Return of the Meat-Eaters: Many Lapsed Vegetarians Become ‘Ethical Omnivores’

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Are you a vegetarian? Stats say you’re probably a woman. You probably bid adieu to four-legged creatures for ethical reasons. And you’ll probably be a carnivore again in no time.

In 2005, a CBS News study found that ex-vegetarians outnumber current vegetarians by a ratio of three to one, suggesting that 75% of vegetarians lapse. A survey by Hal Herzog and Morgan Childers found that these born-again omnivores were mostly women (as many vegetarians are) an average age of 28 years old and had been vegetarians for nine years when they reverted. The majority went vegetarian due to concerns about the treatment of animals and returned to meat because of declining health  (“I will take a dead cow over anemia any time,” one man told Psychology Today), logistical hassles, social stigmas, and meat cravings. Only two of the seventy-seven former vegetarians surveyed resumed meat-eating because their moral views changed.

(PHOTOS: Cow-Pooling)

For some, like Berlin Reed, 29, the return to meat has ironically been a humane one. Reed, who went vegetarian at age 12, was such a die-hard that his friends once staged a “bacon intervention.” He has the world “vegan” tattooed on his neck. But these days, he both eats meat and works with it, calling himself “the ethical butcher.” He insists that changes in the butchery profession are crucial to improving the meat system. “I don’t eat beef from factory farms for many of the same reasons I won’t buy clothes from The Gap,” Reed told the Today show. “It’s all about the industries and practices that are polluting our world, not whether or not it is okay to kill for food.”

(MORE: Animal Cruelty: Could a Barbaric Pig-Handling Video Hurt Major Grocery Chains?)

Indeed, it seems that the latest form of animal activism is not not eating meat, but rather only eating ethical, sustainable meat. What’s that? It depends on the perspective, though it can include some combination or permutation of industry terms like “organic” “free-range,” “cruelty-free,” and “natural,” and labels about animal welfare from certification companies. Sustainable meat-eating is particularly suitable for those who return to omnivorism because of health problems, like nutritionist Julie Daniluk, 38, who co-hosts a cooking show on the Oprah Winfrey Network, where she promotes conscientious meat-eating and weekly “vegetarian days.”

Most of us will never be able to quit meat cold turkey. But maybe the cold turkey can find its way back to the fridge in a more humane form.

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TIME: The meat industries latest subsidiary.  

An article from 2011 throwing around stats from a study done in 2005...from CBS?  A news corporation that, like many others, has made fact checking a standard of the past.  

Once again, the news tells us that vegetarianism is a weakness, worthy of social stigma (which articles like this only perpetuate), and a "logistical hassle" (hahaha, like groceries? groceries are a hassle?). These are human frailties that exist within several areas of sociology.  Yet none of these setbacks can justify the need to consume meat.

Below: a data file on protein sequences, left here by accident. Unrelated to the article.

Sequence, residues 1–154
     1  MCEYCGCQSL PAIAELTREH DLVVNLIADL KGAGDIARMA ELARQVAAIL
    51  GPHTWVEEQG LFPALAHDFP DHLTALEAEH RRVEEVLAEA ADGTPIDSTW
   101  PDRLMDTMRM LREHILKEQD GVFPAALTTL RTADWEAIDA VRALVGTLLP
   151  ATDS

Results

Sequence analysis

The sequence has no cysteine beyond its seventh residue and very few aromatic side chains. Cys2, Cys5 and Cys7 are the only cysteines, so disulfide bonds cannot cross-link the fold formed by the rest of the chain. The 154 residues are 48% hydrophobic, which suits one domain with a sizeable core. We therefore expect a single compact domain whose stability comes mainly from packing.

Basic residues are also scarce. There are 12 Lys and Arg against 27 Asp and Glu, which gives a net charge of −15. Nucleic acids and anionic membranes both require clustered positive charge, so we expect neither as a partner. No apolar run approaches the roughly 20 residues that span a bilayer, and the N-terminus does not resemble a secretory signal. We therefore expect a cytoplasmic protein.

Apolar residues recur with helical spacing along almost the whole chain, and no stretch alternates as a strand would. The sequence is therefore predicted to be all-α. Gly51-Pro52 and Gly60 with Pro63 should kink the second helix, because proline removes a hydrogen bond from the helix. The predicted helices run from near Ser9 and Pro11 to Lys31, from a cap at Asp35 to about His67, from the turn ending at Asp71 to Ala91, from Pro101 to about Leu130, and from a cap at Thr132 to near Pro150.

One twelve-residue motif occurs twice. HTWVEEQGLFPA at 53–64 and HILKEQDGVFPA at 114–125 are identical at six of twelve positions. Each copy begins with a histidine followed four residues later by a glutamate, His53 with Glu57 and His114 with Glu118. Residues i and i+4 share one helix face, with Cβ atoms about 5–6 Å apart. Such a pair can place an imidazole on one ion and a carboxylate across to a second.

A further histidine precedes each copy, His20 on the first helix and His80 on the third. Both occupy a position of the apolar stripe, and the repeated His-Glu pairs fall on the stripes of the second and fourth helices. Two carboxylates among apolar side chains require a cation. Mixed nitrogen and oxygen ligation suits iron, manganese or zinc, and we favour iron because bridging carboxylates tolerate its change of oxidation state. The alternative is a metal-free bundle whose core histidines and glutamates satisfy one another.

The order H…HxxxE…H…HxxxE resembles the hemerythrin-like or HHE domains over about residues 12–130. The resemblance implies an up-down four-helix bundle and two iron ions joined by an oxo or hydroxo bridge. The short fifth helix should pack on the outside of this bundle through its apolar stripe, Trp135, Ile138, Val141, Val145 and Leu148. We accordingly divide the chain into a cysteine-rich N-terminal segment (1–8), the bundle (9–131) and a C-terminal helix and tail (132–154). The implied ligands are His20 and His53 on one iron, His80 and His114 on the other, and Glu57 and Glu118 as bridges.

And then we have this brilliant quote.  "I will take a dead cow over anemia any time, one man told psychology today".  Let's break down how ridiculous this statement is.  Men generally do not need meat to provide iron.  We naturally create enough iron through plant sources to be just fine.  Most women, on the other hand, dispense enough blood monthly to develop anemia if not supplementing with iron sources.  This may be why CBS found that women are more likely to sway from vegetarianism.  However,  meat is NOT a necessary source of iron for women.  An iron supplement, for most women, will do just fine.  If this man is suffering from anemia, it is not a result of subtracting meat from his diet.  Anemia is a serious medical symptom.  This man needs a balanced nutritional diet if he is naturally predisposed to a reduction in iron. However, if quoted accurately, the arrogance in his statement may define HIMSELF as the problem and not his assumed necessity for meat. No human needs or should be eating red meat, we don't contain the appropriate enzymes to break red meat down and the only nutritional value red meat has are a result of the plant based diet the cow consumed.  So for this man to say "i'll take a dead cow" is ignorant, brash and lazy.  

There is so much ridiculous "carnivore propaganda" in this article that nearly each and every sentence could be dissected and refuted. But then again, there must be a reason why I'm the only one that has commented on a 3 year old article. Maybe most people could smell the BS before the second paragraph?

But who am I kidding, this article was developed for weak fad vegetarians on the fence, to be pushed to the carnivorous side.  Which I assume is why Time chose to post a picture of a woman eating a fast food burger with bleached bread, fake cheese, and tortured meat.  You're right Time, the alternative to vegetarianism is fast food.